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Today is Mother’s Day 2010. Cherish your mother and shower your love upon her. No gift to your mother can ever equal her gift to you : life. To the world your mother might just be one person, but to you she should be the world. And to all the fathers the most important thing a father can do for his children is to love their mother. It has been said that a man loves his sweetheart the most, his wife the best, but his mother the longest.

Happy Mother's Day

On this special day, I wish to dedicate the following quotations to all the mothers in this world:

Of all the rights of women, the greatest is to be a mother (Lin Yutang, Chinese writer).

Your arms were always open when I needed a hug. Your heart understood when I needed a friend. Your gentle eyes were stern when I needed a lesson. Your strength and love has guided me and gave me wings to fly (Sarah Malin).

A mother is the truest friend we have, when trials, heavy and sudden, fall upon us; when adversity takes the place of prosperity; when friends who rejoice with us in our sunshine, desert us when troubles thicken around us, still will she cling to us, and endeavour by her kind precepts and counsels to dissipate the clouds of darkness, and cause peace to return to our hearts (Washington Irving (1783-1859).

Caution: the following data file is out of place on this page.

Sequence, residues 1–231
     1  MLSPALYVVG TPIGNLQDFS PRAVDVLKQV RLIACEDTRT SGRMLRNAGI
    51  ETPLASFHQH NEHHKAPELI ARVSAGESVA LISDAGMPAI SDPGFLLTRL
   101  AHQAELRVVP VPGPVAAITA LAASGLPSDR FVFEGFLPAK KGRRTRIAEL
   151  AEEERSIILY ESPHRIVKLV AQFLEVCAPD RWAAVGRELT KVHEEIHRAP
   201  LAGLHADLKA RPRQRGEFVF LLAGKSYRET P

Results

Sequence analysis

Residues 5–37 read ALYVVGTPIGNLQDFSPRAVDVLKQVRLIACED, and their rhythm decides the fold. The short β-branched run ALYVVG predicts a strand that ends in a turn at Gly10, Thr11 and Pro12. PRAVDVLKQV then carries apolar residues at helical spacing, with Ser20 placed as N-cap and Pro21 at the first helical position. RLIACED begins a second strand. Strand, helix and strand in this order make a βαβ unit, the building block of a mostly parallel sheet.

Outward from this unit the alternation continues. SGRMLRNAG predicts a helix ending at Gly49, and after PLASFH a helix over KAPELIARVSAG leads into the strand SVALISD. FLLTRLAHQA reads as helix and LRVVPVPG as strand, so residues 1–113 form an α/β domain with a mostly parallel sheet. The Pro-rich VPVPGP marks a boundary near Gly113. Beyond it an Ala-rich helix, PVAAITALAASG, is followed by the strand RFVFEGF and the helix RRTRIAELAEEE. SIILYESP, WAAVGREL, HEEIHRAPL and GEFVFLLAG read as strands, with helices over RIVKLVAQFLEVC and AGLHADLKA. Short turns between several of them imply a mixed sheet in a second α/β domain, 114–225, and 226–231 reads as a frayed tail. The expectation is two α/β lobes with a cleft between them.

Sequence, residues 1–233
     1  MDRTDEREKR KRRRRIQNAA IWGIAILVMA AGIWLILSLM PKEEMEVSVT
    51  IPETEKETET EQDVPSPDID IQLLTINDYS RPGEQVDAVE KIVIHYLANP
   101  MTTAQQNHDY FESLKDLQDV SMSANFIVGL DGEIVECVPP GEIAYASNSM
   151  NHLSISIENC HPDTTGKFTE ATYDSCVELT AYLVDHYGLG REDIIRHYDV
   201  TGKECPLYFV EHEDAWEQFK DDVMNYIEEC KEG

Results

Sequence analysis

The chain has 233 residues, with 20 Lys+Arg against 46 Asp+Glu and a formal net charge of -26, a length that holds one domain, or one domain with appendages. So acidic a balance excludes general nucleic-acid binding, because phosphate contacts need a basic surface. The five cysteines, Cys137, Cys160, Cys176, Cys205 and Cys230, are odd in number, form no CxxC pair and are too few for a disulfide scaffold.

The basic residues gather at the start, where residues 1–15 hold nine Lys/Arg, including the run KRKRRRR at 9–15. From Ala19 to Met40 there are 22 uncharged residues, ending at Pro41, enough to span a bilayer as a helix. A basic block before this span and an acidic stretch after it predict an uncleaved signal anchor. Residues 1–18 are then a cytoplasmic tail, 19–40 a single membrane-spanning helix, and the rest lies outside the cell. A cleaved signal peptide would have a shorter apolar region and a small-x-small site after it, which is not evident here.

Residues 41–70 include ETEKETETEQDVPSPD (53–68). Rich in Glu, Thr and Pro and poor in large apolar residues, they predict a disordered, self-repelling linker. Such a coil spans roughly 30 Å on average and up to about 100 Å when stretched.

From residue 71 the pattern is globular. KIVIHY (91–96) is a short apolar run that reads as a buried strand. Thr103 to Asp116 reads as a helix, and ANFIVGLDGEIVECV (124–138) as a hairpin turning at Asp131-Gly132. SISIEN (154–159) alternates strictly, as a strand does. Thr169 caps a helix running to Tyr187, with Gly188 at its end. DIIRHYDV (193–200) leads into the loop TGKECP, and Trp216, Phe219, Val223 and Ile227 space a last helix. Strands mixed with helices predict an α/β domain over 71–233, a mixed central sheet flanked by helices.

There is no velvet so soft as a mother’s lap, no rose as lovely as her smile, no path so flowery as that imprinted with her footsteps (Archibald Thompson).

Youth fades;love droops; the leaves of friendship fall. A mother’s secret love outlives them all (Oliver Wendell Holmes,Sr).

A mother is not a person to lean on, but a person to make leaning unnecessary (Dorothy Canfield Fisher)

Mother is the name for god on the lips and hearts of all children (Brandon Bruce Lee).

Every mother is like Moses. She does not enter the Promised Land. She prepares a world that she will not see (Pope Paul VI).

God could not be everywhere and therefore he made mothers (Jewish Proverb).

The Mother’s Day Proclamation by Julia Ward Howe was a powerful call for the need of official celebration of Mother’s Day. Written in 1870, Howe’s Mother’s Day Proclamation was a pacifist reaction to the carnage of the American Civil War and the Franco-Prussian War. The Proclamation was tied to Howe’s feminist belief that women had a responsibility to shape their societies at the political level. Miss Howe was the first person in US to recognize the need for Mother’s Day holiday. She was successful in raising awareness amongst the masses and pushing her plead to the upper echelons of power.